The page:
You have made grave charges against me in your letter sent to me at this place, but as yet I do not see their justice. I wrote to you from Switzerland in the fear of God. I was doing a work in this matter that was not pleasant to me, but I felt it my duty to do this work. If my letter caused so great consequences to you as five months’ illness, I shall not be held accountable for it; for if you had received it in the right spirit, it would have had no such results. I wrote in the anguish of my soul in regard to the course you pursued in the [1886] General Conference [Session] two years since. The Lord was not pleased with that meeting. Your spirit, my brother, was not right. The manner in which you treated the case of Dr. Waggoner was perhaps after your own order, but not after God's order. The course you took was not excusable, even if his views were questionable. We must not crowd and push one another because others do not see just as we see. We must treat others with Christ-like courtesy, even if they differ with us. Matthew 5:43-48; 1 John 2:9-11; 3:16-18; 1 John 4:7, 8.1888 96.3

    You refer to your office as President of the General Conference, as if this justifies your course of action, which you deemed wholly right, but which, from the light the Lord has been pleased to give me, I deem to be wrong in some respects. The very fact that you are standing in a position of responsibility I urge upon you as the reason why you should show a forbearing, courteous, Christlike spirit at all times and under all circumstances. Your brethren in the ministry, who respect you and your office, will be very apt to follow your example in the treatment of such cases. You are to be an example to your brethren, worthy of imitation. Your words, your spirit, your deportment, even the manner in which you treat your brethren, are sowing seeds for good or evil. It is both your privilege and duty, especially in your position of trust, to be like-minded with God, then you will be strong in His strength, and meek and humble as a little child.1888 97.1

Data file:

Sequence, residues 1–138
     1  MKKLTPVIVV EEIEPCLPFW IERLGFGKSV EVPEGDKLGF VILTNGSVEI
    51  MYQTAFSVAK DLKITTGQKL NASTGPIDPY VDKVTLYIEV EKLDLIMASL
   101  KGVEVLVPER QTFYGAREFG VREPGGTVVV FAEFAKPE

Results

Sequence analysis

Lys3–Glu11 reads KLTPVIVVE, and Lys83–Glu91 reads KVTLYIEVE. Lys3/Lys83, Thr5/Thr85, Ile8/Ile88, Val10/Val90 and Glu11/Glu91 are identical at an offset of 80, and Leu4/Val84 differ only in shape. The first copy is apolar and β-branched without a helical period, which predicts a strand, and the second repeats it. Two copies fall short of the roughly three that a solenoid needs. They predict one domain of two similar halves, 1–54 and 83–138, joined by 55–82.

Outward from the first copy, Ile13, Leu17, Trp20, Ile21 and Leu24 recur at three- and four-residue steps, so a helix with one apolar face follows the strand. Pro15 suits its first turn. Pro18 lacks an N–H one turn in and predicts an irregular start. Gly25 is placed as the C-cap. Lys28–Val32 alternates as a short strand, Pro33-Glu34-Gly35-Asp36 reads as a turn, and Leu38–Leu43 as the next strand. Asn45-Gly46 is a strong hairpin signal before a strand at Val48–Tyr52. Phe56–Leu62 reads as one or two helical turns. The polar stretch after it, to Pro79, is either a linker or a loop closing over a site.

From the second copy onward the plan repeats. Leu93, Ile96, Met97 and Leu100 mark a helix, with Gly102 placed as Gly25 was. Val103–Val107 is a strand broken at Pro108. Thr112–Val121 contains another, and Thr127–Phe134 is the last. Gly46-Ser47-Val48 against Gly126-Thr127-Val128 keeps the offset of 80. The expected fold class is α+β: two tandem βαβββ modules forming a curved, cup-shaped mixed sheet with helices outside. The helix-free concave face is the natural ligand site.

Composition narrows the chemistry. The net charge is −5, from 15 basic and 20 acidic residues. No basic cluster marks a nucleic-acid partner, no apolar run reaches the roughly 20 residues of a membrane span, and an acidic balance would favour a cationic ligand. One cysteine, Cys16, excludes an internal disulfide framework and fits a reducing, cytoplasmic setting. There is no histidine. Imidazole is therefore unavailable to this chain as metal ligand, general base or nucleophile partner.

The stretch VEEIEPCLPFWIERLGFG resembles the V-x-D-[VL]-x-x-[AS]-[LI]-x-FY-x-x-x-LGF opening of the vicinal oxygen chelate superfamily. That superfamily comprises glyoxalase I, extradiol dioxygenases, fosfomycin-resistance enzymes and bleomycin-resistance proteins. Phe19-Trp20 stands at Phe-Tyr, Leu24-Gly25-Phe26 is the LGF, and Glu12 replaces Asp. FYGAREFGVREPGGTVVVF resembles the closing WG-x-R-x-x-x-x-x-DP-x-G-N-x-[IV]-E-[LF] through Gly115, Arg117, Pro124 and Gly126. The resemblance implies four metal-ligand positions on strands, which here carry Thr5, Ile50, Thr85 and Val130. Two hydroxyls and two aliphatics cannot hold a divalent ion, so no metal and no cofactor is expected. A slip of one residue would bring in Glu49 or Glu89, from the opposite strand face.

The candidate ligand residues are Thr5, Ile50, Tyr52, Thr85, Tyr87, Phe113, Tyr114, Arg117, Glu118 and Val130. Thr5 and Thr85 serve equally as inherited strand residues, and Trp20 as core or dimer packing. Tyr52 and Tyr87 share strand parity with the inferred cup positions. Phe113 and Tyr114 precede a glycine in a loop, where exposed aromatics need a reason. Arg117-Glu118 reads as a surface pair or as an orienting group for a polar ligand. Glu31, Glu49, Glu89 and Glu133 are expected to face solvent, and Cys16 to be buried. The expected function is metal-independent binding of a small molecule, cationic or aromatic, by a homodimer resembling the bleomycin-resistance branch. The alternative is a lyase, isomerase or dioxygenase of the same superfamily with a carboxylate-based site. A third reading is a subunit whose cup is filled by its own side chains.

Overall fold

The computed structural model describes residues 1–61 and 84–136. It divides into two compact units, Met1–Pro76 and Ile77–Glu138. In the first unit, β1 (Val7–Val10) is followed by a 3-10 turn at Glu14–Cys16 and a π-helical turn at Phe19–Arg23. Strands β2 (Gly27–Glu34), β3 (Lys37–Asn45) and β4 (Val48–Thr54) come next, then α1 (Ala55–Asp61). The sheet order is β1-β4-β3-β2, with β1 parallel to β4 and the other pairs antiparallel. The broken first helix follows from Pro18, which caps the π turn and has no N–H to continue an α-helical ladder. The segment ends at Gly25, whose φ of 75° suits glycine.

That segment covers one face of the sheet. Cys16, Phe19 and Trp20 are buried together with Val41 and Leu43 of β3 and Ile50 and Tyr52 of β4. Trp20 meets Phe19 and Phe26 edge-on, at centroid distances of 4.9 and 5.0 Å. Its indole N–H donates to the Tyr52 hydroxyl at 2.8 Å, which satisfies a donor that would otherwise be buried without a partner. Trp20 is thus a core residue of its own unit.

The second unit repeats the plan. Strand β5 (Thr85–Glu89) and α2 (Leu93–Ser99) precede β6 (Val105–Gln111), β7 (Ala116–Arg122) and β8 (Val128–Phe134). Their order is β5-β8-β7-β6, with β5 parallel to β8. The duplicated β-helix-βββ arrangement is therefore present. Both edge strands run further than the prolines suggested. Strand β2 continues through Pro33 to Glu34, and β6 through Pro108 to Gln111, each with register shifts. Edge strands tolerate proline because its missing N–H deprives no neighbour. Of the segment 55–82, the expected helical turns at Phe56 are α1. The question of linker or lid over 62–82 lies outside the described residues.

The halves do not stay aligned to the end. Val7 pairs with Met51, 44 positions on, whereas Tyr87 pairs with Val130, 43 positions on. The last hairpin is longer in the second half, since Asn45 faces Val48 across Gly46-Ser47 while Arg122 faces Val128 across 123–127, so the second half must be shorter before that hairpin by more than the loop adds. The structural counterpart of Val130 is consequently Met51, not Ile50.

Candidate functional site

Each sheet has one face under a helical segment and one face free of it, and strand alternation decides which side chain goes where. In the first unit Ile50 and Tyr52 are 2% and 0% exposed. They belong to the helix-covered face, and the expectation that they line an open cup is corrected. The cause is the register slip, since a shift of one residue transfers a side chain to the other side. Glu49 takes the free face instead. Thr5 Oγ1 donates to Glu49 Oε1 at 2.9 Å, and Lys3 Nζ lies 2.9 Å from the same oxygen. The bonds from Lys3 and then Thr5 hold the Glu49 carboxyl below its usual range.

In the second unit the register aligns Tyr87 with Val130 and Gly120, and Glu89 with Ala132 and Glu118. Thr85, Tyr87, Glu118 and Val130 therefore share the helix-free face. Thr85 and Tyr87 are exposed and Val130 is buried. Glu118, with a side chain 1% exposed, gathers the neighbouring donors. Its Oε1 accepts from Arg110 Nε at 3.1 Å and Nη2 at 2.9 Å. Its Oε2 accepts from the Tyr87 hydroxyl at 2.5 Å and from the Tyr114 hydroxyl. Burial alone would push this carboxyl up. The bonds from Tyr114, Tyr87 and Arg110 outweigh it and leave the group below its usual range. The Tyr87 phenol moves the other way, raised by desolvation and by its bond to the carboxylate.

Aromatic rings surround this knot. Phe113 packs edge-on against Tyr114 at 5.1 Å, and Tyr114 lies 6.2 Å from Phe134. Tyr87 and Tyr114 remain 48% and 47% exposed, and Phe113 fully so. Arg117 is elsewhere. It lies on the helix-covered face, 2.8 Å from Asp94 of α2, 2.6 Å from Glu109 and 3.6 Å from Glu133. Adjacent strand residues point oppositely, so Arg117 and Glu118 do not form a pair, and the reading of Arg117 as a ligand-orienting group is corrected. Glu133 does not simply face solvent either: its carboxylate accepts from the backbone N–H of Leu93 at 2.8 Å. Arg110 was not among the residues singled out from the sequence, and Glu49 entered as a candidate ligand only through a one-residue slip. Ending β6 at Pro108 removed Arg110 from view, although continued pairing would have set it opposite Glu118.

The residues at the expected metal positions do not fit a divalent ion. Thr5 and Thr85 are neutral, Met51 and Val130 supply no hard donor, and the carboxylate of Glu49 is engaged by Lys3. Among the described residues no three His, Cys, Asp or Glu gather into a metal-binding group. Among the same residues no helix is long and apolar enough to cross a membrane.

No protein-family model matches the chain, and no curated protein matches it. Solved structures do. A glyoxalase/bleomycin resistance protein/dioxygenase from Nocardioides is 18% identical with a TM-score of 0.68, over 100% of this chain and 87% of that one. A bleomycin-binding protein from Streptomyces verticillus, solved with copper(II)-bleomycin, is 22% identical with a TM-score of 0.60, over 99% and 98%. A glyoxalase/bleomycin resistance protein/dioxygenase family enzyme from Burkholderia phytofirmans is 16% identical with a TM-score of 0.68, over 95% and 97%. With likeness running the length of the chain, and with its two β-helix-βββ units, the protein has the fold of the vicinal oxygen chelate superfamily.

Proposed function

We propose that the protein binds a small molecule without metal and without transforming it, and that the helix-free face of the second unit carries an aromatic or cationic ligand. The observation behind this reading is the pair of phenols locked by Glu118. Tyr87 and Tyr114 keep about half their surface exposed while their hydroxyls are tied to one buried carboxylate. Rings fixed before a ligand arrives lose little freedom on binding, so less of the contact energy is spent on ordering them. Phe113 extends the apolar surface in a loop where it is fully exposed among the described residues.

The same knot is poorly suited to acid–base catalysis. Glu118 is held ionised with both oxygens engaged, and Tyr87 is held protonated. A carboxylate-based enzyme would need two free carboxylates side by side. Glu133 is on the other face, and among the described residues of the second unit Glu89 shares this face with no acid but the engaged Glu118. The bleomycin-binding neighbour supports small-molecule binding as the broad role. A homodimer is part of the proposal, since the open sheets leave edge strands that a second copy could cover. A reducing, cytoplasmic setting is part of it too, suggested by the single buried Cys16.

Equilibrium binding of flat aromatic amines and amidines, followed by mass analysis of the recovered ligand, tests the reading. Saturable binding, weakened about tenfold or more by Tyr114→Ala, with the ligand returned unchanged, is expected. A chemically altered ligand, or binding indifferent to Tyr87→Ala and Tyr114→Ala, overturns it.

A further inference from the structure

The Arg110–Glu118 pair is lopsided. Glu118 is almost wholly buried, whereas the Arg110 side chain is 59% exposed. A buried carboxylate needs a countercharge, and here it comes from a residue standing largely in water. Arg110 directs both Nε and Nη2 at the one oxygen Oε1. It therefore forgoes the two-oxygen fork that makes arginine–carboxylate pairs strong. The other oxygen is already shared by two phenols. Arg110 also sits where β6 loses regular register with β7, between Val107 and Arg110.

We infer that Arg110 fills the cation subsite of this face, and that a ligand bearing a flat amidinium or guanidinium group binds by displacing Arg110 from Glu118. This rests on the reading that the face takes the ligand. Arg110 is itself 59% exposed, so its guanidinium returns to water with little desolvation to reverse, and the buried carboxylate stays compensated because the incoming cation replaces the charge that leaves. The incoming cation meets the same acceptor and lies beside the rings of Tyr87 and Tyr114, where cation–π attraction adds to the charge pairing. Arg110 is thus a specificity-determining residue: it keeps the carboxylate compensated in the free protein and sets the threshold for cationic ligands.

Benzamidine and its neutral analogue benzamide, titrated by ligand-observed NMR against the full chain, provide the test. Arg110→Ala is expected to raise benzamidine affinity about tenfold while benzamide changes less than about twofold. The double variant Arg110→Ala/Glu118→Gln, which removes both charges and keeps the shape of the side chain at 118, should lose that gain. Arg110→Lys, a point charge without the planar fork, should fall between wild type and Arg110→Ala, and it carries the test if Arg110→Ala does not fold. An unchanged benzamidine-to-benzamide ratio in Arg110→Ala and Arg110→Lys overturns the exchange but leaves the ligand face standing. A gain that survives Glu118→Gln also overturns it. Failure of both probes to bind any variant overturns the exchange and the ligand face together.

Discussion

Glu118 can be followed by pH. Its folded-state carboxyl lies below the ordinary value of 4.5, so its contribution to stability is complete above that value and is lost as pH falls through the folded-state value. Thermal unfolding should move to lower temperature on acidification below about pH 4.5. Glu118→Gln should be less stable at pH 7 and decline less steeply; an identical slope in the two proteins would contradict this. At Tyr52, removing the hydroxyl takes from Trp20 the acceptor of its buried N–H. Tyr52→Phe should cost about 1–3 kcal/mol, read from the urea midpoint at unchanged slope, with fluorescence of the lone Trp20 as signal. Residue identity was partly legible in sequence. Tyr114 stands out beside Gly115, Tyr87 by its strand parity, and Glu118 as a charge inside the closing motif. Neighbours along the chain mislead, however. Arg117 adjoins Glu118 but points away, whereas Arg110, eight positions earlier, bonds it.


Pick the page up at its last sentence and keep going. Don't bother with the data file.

Cling close to your Bible, for its sacred truths can purify, ennoble, and sanctify the soul. You must hold the truth and teach it as it is in Jesus, else it is of no value to you. Before the light of God's truth let human opinions and ideas and human wisdom appear as they are in the sight of God—as foolishness. Let no man feel that his position as president, either of the General Conference or of a State conference, clothes him with a power over the consciences of others that is the least degree oppressive, for God will not sanction anything of this kind. He must respect the rights of all, and all the more because he is in a position where others will pattern after him. Your position binds you under the most sacred obligations to be very careful what kind of spirit you entertain towards your brethren. They are acting a part in God's cause as well as yourself. Will not God teach them and guide them as well as yourself? You are not even to allow yourself to think unkindly of them, much less to climb upon the judgment seat and censure or condemn your brethren, when you may be yourself, in many respects, more deserving of censure than they. Your work is bearing the inspection of God.1888 97.2